Jan 01, 1983 - Feb 20, 2024

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Durham, NC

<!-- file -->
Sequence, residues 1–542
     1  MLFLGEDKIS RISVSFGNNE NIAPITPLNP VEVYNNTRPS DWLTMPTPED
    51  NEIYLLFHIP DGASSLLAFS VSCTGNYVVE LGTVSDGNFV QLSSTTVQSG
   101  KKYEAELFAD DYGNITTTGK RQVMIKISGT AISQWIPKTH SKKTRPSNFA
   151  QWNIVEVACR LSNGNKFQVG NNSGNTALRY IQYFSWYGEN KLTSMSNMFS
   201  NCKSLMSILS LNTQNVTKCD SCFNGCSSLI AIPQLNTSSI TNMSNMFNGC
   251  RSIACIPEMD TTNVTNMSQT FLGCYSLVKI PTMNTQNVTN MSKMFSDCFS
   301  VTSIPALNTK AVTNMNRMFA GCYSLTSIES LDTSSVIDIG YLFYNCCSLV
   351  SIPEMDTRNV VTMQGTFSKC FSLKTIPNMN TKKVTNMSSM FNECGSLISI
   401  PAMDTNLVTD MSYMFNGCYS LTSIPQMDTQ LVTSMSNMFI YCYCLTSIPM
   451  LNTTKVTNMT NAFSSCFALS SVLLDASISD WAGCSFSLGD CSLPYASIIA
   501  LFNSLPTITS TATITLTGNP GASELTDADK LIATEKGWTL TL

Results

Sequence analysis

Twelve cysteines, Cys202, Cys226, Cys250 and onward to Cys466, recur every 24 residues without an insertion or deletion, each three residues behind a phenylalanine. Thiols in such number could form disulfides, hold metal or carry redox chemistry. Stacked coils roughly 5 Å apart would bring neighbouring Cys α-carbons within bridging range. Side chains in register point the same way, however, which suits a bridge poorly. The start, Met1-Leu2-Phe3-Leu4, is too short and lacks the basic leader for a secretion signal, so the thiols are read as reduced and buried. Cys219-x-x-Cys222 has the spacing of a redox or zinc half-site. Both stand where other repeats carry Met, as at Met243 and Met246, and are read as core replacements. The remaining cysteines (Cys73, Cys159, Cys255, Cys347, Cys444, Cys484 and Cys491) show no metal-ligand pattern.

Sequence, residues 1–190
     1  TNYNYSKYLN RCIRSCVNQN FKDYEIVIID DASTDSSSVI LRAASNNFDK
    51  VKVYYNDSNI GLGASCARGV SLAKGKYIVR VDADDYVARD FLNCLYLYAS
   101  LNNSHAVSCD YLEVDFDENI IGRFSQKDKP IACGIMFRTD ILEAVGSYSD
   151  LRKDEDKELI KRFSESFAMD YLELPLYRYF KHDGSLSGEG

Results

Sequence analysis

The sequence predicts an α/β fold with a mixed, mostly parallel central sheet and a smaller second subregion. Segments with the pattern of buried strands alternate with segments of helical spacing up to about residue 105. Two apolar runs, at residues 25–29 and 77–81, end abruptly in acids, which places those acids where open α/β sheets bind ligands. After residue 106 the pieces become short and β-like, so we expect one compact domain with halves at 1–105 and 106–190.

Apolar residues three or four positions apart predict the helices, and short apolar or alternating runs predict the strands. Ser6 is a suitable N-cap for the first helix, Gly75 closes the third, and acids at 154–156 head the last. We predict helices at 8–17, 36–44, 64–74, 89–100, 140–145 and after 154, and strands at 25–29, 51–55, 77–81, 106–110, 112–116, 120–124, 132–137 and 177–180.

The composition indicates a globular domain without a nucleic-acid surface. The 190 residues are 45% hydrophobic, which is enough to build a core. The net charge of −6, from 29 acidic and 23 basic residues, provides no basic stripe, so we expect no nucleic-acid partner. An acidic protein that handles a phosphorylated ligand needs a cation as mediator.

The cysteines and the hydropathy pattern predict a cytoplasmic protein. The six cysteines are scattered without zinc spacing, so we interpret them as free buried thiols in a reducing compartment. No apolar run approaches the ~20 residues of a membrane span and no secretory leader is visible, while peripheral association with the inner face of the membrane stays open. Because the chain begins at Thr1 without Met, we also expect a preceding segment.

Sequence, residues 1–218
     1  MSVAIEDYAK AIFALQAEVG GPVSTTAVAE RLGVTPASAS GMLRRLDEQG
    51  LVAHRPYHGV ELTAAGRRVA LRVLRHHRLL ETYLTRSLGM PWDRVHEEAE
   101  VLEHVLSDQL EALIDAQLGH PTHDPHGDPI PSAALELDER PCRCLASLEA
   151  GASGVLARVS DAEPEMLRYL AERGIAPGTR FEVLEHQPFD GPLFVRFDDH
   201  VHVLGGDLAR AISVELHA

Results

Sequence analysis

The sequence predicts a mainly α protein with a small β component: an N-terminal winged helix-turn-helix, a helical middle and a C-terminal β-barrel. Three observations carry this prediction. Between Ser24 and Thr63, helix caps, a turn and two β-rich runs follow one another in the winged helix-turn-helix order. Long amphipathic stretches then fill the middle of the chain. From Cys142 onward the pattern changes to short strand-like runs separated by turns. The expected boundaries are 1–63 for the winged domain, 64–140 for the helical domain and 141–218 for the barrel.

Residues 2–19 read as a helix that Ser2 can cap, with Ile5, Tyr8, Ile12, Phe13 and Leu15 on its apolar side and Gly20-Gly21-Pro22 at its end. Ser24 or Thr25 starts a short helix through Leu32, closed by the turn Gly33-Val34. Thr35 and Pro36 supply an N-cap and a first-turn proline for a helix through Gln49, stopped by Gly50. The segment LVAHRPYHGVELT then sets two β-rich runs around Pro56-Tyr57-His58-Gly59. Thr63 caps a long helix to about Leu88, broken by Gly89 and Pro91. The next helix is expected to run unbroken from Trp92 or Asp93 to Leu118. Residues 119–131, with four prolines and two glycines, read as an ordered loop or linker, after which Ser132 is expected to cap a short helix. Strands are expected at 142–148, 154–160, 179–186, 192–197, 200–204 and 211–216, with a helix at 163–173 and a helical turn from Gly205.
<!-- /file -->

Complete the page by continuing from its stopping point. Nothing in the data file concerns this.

Mark Joseph Laabs, 40, passed away on February 20, 2024 at his brother’s home in Durham, North Carolina. Throughout his all too short life, he was a brilliant champion for everything he believed in and deeply inspired those around him, touching countless hearts and minds globally. Mark was raised in Memphis, Tennessee and became a year round swimmer at the age of 7 and earned the distinction of Eagle Scout by age 15. He was involved in Facing History and Ourselves, was Salutatorian of his high school graduating class and entered college with 60 Advanced Placement credit hours. Mark attended the University of North Carolina at Chapel Hill and Duke University as a Robertson Scholar. He was active in Student Government, national Gold medal winning UNC Men’s Crew team, a member of the exclusive Order of the Golden Fleece and graduated Phi Beta Kappa with a double major of International Studies and Interdisciplinary Studies. Throughout his life, Mark served as a founder, partner, advisor and builder of a wide range of organizations that address critical social and environmental problems on five continents. Post-college he joined McKinsey & Company working in the US and UK, Mark then followed his passion for renewable energy through executive roles at Climate Bridge in London and Shangohai followed by the COO role at Soligent in Northern California. In 2013 he co-founded Faro Energy in Brazil and in 2016 co-founded Modern Energy, a diversified clean energy company that launches, scales and operates energy transition businesses to help the world reach a net-zero carbon economy. Shortly after his cancer diagnosis, Mark founded the Rare Cancer Research Foundation (RCRF) to accelerate innovation in cancer research through the creation of fiercely patient-centric programs and shared infrastructure for all rare cancer patients and communities. He also served on a number of non-profit boards including Advanced Energy United, Nicholas Institute for Energy, Environment & Sustainability and Robertson Scholars Leadership Program. Mark was an avid traveler, visiting at least 77 countries during his short life. Mark survived uveal melanoma for 12 years, fighting through a metastatic recurrence in 2020. Mark assembled his “brain trust” dream team including renowned physicians from MD Anderson, Mass General, Memorial Sloan Kettering, Weill Cornell, Northwell, Duke, UNC, UVA and UCSD to guide him in pursuing potential therapeutic options. His family is very grateful to all who embraced Mark’s fighting spirit & understood his brilliance and passion not only to secure a positive outcome for himself, but also for current and future cancer patients across the world. Mark is survived by his husband, Sobral Guerra, his parents, Meta & Albert Laabs, his brother Keith (Denise), 2 nephews, Tucker Joseph Laabs & Cooper Jude Laabs, and his aunt Barbara (Dave) Van Hare. The world has lost an exceptional individual – an extraordinary leader, visionary, advocate, mentor, and friend. For those who had the privilege of knowing Mark, his absence leaves an immeasurable void. May all he touched find comfort in the lasting light of Mark's vision for a significantly better future for cancer patients through the work at the Rare Cancer Research Foundation and to provide affordable, reliable, sustainable energy for all through the work at Modern Energy. A Celebration of Life event will be held at a future date. In lieu of flowers, the family requests donations to the Rare Cancer Research Foundation at www.rarecancer.org who will utilize those funds towards achieving Mark’s vision and promise for a better future for those diagnosed with cancer.